Authored by: 47ronin on Feb 20, '04 03:56:27PM

Because plain "top" has to refresh as fast as it can, of course the CPU is hogged. If you use even top -s2 the cpu usage drops dramatically. Personally I just use top -us2 and that lowers the apparent cpu usage a lot.



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Dramatically reduce the CPU usage of 'top'
Authored by: neill on Feb 20, '04 04:00:43PM

Sort of off this topic a bit . . . but since robg talked about aliasing it in his .tcshrc file it's sort of on topic.

Back in Jaguar you could put aliases in a file called aliases.mine that was stored in ~/library/init/tcsh.

I'm assuming that since the shell changed in Panther the .tcshrc file is the new alias location . . . does it go in the same place or someplace else? I've got a couple aliases that I've never recreated since I haven't gotten around to getting non-conflicting advice about where they need to go now.


same



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Dramatically reduce the CPU usage of 'top'
Authored by: derrickbass on Feb 20, '04 05:39:45PM

Actually no, top is not refreshing as fast as it can. From the top(1) man page: "The default delay between updates is 1 second." (You can easily verify this is true by just running top while looking at the clock.) Moreover, as has been noted, on virtually every other operating system top takes less than 1% (and usually around .1%) of the CPU. There is definitely something strange about Mac OS X and its top command.



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Dramatically reduce the CPU usage of 'top'
Authored by: Mikey-San on Feb 22, '04 12:29:57AM

What's odd is that this command, in Mac OS X:

top -d

Consumes 3% or less of the CPU and updates just as frequently.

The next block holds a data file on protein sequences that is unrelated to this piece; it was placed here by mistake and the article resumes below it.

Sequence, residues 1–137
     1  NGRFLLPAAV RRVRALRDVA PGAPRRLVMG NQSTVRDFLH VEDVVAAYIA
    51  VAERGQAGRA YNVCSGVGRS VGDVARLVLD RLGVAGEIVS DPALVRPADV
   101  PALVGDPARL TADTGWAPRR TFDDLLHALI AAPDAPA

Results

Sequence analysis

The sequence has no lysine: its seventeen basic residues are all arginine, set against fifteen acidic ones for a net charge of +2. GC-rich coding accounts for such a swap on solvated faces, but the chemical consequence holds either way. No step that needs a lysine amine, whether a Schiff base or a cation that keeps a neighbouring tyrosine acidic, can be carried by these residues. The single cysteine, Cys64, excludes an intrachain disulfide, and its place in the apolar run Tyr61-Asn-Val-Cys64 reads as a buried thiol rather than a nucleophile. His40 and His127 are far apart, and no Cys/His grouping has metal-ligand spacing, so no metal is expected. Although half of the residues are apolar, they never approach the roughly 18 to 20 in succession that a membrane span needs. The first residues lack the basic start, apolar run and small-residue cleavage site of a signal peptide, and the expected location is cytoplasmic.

Ideas? Anyone?



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Dramatically reduce the CPU usage of 'top'
Authored by: Frederico on Feb 20, '04 04:53:06PM
For those who don't like playing in *NIX files:
    tell application "Terminal" to do script "/usr/bin/top -ocpu -R -F -s 2 -n30"
Save it as a compiled app for your Dock, or, better, a script in your ScriptMenu; even better, assign a keystroke to it.

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Faster sampling?
Authored by: hysterion on Feb 20, '04 06:59:43PM
In Jaguar, top could sample faster than default -- e.g., 5 times per second with
% top -s .2
(Useful to figure out how what short-lived children a process may spawn.) Is there a way to do this in Panther? The same command now gives
$ top -s .2
top: Invalid argument: -s .2


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Faster sampling?
Authored by: randalla on Feb 22, '04 04:23:31AM

top -d -s0

much fun :)



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Dramatically reduce the CPU usage of 'top'
Authored by: robleach on Feb 21, '04 01:31:08AM
robg says that he aliased top to ttop so he can use both commands easily. On the contrary, I think this is cumbersome. You have to memorize new names for commands. You can use the same name and still be able to run it without the alias just as easily. All you have to do is escape the command. You do this simply by putting a backslash in from of the command. Doing this causes aliases to be ignored. Observe:


[dantooine:~] robleach% which ls
ls:      aliased to ls -F
[dantooine:~] robleach% which \ls
/bin/ls
[dantooine:~] robleach% ls
Applications/                   Library/                        School/
...
[dantooine:~] robleach% \ls<BR>
Applications                    Library                         School
...

I only make other names for commands when I like to occassionally run the commands in different ways. For example, my .aliases file contains:


alias ls "ls -F"
alias l "ls -alF"
alias ld 'ls -Fa | grep "/"'

While I'm talking about aliases, here's another tip. Use \!* when you want to insert arguments supplied to an alias in a specific place. For example, I have this alias for my xemacs command:


alias xe 'xemacs \!* &'

This allows me to make a call like `xe myfile.txt` and the alias puts the "run in the background character: '&'" at the end of the command.

I suppose this is probably all stuff a lot of you already know. If so, give me a break. I've been couped up in my apartment too long with a sinus and ear infection. I'm going stir crazy. :o)